Blues lovers from throughout the world will head for Portland from Friday, June 30, through Tuesday, July 4, to relax on the grassy banks of the Willamette River and celebrate the blues at the 2006 Safeway Waterfront Blues Festival, presented by First Tech Credit Union.
The festival is the major annual fund-raiser for Oregon Food Bank, a charitable nonprofit agency. All festival proceeds benefit Oregon Food Bank's work to eliminate hunger through its network of 20 regional food banks and 894 hunger-relief agencies in Oregon and Clark County, Wash.
Gov. Chris Gregoire
OLYMPIA—Washington Gov. Chris Gregoire said she will not compel any of the state's National Guard troops to serve on the Mexican border if they're asked.
"I'm not going to force any National Guard member to go there," Gregoire said. "If I have volunteers who want to, we will support their request."
Part of the charm of living in many inner North and Northeast Portland neighborhoods is their age. The stately old homes, the big front porches, the stout trees overhanging the streets.
But many of those same old homes that charm us with their craftsmanship and character hold an old danger left over from a time when we didn't know as much as we do today: lead-based paint.
Former Portland City Council candidate Emilie Boyles, who was accused of misspending taxpayer money during her thwarted run for Portland City Council, must repay the $145,000 she was given plus $14,000 in penalties and interest, an appeals judge said.
A daylong celebration to honor the African Child — past, present and future — will include drumming and marimba playing, an African market and storytelling.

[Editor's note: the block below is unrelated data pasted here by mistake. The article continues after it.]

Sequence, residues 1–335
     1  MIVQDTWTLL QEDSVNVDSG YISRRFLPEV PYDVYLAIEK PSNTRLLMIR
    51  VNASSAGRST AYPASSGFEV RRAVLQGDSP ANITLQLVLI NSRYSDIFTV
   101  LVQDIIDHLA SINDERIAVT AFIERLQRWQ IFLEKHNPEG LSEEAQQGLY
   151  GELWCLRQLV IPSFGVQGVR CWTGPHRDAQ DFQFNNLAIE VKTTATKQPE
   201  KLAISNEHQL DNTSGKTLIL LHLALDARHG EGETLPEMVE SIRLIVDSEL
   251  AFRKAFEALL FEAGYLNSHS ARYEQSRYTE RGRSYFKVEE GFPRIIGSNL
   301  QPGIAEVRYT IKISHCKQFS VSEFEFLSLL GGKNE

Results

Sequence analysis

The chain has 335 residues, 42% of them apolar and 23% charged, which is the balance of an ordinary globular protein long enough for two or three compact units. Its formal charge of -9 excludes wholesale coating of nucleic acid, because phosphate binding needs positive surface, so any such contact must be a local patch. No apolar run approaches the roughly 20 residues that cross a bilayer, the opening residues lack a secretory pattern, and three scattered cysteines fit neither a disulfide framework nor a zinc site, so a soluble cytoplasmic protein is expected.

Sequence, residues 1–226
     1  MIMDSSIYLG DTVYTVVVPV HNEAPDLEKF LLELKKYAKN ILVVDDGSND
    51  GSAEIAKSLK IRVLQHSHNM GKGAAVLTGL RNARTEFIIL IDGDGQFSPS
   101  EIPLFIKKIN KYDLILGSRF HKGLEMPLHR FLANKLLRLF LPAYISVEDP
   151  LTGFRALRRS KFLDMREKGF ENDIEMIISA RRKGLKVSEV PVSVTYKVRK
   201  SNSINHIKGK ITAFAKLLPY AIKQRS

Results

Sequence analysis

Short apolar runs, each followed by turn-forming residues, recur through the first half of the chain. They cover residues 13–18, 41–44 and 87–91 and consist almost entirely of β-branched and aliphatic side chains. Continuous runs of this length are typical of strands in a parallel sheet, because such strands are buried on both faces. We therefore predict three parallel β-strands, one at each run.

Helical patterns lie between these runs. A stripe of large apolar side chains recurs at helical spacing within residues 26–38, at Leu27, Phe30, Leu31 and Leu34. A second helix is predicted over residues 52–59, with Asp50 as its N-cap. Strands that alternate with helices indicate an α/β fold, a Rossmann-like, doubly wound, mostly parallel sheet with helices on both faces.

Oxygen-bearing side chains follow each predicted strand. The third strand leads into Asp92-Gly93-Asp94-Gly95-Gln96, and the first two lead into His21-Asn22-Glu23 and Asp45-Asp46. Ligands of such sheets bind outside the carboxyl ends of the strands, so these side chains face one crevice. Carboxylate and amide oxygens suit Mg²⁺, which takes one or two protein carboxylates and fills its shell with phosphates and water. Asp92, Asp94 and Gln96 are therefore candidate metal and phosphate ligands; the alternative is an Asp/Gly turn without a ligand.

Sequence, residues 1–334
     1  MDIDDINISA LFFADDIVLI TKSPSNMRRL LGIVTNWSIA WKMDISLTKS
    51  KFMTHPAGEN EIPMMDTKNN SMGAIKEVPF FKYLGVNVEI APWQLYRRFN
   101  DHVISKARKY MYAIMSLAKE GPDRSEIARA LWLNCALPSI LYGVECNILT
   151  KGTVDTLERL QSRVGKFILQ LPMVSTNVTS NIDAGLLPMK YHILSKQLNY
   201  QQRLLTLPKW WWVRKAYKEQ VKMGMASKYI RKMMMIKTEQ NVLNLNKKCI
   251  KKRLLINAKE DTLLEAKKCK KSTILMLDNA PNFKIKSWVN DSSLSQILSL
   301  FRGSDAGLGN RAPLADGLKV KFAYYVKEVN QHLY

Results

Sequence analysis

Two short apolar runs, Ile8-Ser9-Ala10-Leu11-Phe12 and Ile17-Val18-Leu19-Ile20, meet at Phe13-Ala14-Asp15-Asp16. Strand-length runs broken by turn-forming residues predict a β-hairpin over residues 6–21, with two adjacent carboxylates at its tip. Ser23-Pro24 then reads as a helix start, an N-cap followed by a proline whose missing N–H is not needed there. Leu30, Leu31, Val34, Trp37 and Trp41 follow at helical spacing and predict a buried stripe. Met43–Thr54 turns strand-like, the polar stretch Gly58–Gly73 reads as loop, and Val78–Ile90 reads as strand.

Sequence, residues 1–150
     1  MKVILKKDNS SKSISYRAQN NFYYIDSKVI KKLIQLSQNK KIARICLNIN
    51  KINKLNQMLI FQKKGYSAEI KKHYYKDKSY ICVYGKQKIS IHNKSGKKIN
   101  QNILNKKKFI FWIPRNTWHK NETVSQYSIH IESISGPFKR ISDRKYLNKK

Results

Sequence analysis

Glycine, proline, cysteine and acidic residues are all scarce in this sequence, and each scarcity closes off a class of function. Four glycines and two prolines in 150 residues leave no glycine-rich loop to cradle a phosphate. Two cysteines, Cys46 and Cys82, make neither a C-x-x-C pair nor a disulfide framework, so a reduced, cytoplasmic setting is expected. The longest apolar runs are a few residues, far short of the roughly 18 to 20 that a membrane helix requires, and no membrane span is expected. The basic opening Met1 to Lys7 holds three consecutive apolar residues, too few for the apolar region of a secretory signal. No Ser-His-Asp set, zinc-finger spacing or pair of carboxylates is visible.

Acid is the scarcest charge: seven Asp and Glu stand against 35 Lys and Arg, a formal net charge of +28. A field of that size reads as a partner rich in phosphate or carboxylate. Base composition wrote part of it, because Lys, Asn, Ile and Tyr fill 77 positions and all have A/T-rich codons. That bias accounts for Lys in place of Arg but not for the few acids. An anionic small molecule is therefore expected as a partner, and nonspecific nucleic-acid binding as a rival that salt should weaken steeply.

The celebration will be from 10 a.m. to 5 p.m. Saturday, June 17, in the World Forestry Center. The Rose Festival sanctioned event is sponsored by the Harambee Centre and the World Forestry Center.
State officials and an advocacy group are debating where to place the blame for a rise in child abuse cases in Oregon: methamphetamine use by parents or budget cuts by the state.
The Department of Human Services said in a new report that 18 Oregon children died of abuse or neglect in the fiscal year that ended Sept. 30, and it said reports of abuse or neglect continue to rise, driven by alcohol and drug abuse, particularly methamphetamine.
WASHINGTON—In a case arising from Seattle, the Supreme Court agreed Monday to decide whether skin color can be considered in assigning children to public schools, reopening the issue of affirmative action.
The announcement puts a contentious social topic on the national landscape in an election year and tests the conservatism of President George Bush's two new justices.
VANCOUVER, Wash.—With their signatures on a landmark agreement to cut red tape and reduce Interstate 5 congestion, managers from 17 federal and state agencies created a new national model for environmental reviews.
Agencies from Washin-gton, Oregon and the federal government agreed to coordinate the review process and expedite decisions without giving up necessary environmental protections when improving or replacing the I-5 bridge across the Columbia River.
Muhammed Hussein is blind, 3 years old and speaks no English, but the moment he sat in his foster mother's lap in an examination chair at a Seattle clinic, he seemed to know the bullet wound on his face was going to be probed.
After months in hospitals in his native Iraq and later Iran, Muhammed has come to dread visits to the doctor.
The touch of rubber gloves, cold metal on his skin or the pressure of fingers on his face triggers a reminder of the day 13 months ago when he was shot from close range with an AK-47 assault rifle.